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Report Shows U.S. Scores Low on Animal Protection

Contact: Che Green - (206) 905-9887 | cgreen@humaneresearch.org

New Research Report Shows U.S. Scores Low on Animal Protection

Study includes companion animals, farm animals, wildlife, and animals used in science

SEATTLE, Wash. (August 16, 2011) - The United States scores just 34 out of a possible 100 for its treatment of animals, according to a new study released today by the nonprofit research organization, the Humane Research Council (HRC).

The "Humane Trends" report measures a diverse set of 25 indicators in a range of issues involving companion animals, farmed animals, wildlife, and animals used in science and entertainment. The scores for each category of indicators range from a low of 4 for farmed animals to a high of 48 for companion animals. Each indicator is scored individually based on the most current information available and will be tracked over time to measure progress.

Highlights from the Humane Trends study include:

- 91 percent of U.S. adults say that protecting companion animals is important
- There are 14 laws in seven states that limit the confinement of farm animals
- An estimated 3.5 million cats and dogs were killed in animal shelters in 2010
- 89 percent of U.S. medical schools do not require terminal animal labs
- More than 9 billion land-based farm animals are slaughtered for food annually
- Only 15 U.S. states have policies that allow students to opt out of dissection
- 15 million hunting licenses were issued in 2011, up 520,000 in the past two years
- There are 376 endangered animal species in the U.S. as of 2010

The scoring methodology and source data for these and the other indicators in the study are described in full on www.HumaneTrends.com . A PDF version of the report is also available upon request from the media contact.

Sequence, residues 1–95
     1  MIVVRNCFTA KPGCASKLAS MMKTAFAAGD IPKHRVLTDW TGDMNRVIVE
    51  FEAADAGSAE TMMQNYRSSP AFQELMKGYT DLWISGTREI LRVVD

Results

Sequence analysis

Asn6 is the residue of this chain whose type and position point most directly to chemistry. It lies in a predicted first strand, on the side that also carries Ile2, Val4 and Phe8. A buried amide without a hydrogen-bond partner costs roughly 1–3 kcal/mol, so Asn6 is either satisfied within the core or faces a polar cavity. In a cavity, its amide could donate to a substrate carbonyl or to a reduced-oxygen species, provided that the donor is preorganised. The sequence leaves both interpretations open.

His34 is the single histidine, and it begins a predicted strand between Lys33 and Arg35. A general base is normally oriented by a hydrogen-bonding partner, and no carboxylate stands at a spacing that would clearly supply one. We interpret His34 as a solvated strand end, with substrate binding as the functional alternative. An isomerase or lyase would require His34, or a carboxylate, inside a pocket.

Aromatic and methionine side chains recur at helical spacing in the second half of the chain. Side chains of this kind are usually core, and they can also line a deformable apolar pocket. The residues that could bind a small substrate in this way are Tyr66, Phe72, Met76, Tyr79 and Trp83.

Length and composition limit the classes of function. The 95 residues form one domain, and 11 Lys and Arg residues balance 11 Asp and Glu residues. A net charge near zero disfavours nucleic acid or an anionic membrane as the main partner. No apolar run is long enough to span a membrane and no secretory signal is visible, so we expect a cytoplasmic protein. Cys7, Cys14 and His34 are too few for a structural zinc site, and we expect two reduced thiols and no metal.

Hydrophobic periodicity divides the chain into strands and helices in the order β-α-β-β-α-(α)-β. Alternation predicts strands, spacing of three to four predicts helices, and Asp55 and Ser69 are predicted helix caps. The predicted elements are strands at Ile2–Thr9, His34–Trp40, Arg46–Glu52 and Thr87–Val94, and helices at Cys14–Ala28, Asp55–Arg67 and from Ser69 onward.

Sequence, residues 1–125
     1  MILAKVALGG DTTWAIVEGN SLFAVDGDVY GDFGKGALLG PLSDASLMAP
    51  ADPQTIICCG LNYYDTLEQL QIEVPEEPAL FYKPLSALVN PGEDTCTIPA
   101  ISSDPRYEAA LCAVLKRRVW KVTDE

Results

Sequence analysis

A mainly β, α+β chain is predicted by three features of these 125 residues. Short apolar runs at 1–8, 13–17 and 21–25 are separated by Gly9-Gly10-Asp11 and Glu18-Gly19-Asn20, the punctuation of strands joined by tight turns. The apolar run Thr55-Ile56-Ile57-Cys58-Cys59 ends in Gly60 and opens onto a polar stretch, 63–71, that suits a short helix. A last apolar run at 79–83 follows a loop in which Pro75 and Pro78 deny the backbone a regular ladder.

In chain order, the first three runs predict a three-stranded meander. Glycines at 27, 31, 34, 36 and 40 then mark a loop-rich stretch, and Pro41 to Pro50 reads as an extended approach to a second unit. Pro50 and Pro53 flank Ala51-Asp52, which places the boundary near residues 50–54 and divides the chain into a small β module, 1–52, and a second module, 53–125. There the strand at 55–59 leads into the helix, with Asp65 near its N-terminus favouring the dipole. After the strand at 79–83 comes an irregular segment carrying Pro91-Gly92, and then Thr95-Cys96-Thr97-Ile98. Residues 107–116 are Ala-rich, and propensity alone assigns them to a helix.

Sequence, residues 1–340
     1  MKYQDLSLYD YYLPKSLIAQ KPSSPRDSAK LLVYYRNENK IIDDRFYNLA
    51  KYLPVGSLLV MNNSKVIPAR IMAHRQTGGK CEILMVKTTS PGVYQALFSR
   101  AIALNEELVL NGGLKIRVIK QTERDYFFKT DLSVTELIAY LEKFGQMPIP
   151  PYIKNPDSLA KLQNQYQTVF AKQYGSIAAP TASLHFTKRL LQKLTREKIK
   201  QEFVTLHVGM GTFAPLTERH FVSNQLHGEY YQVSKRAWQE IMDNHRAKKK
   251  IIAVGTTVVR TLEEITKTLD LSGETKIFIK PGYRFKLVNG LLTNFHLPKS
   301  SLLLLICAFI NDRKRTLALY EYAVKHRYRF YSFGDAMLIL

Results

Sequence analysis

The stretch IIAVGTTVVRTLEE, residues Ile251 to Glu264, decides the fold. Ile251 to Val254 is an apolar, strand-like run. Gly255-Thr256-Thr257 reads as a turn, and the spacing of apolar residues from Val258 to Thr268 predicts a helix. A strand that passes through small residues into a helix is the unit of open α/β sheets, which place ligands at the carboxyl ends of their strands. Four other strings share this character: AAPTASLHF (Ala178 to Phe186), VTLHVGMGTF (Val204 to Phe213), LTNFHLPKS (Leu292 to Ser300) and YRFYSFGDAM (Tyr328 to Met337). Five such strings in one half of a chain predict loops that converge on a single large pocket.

The Humane Trends study, in development for more than two years, identifies areas where improvements have been made and where further changes would have a significant impact on animal protection. Future results will be released as gains and losses are made in each indicator.

The report shows animal welfare is currently weakest for farmed animals and animals used in science.

"The data clearly show that those of us in the U.S. need to do more to protect all animals, not just the companions that share our homes, but also the animals that end up on our dinner plates," said HRC executive director Che Green. "We hope the Humane Trends study will help provide a basis for positive, measurable change for all animals in the form of improvements to government and corporate policies as well as consumer attitudes and behavior toward animals."

About the Humane Research Council

The Humane Research Council is a nonprofit research organization that helps animal advocates inform and improve their efforts. For over ten years, HRC has worked with a wide range of national and local animal protection organizations and foundations. HRC also conducts independent research and provides resources and services to animal advocates, media, policymakers, and the public.

Using an objective, data-driven approach similar to organizations such as the Pew Environmental Group and FSG, the Humane Research Council is the leading source of information about behavior and attitudes toward animals.

HRC provides the world's most comprehensive source of opinion and behavior research relating to animals at HumaneSpot.org. The site houses thousands of research studies covering a wide range of animal protection issues of interest to reporters, advocates, academics, and policymakers. Access to HumaneSpot.org is entirely free and includes notification services via email and RSS.

In addition to helping animal advocates through client projects, HRC provides independent research like the Humane Trends study and our annual "Animal Tracker" survey of U.S. adults. These in-depth, collaborative studies serve society in general by providing insight into the relationship between humans and other animals and understanding changes in that relationship over time.

More on the web at www.HumaneResearch.org

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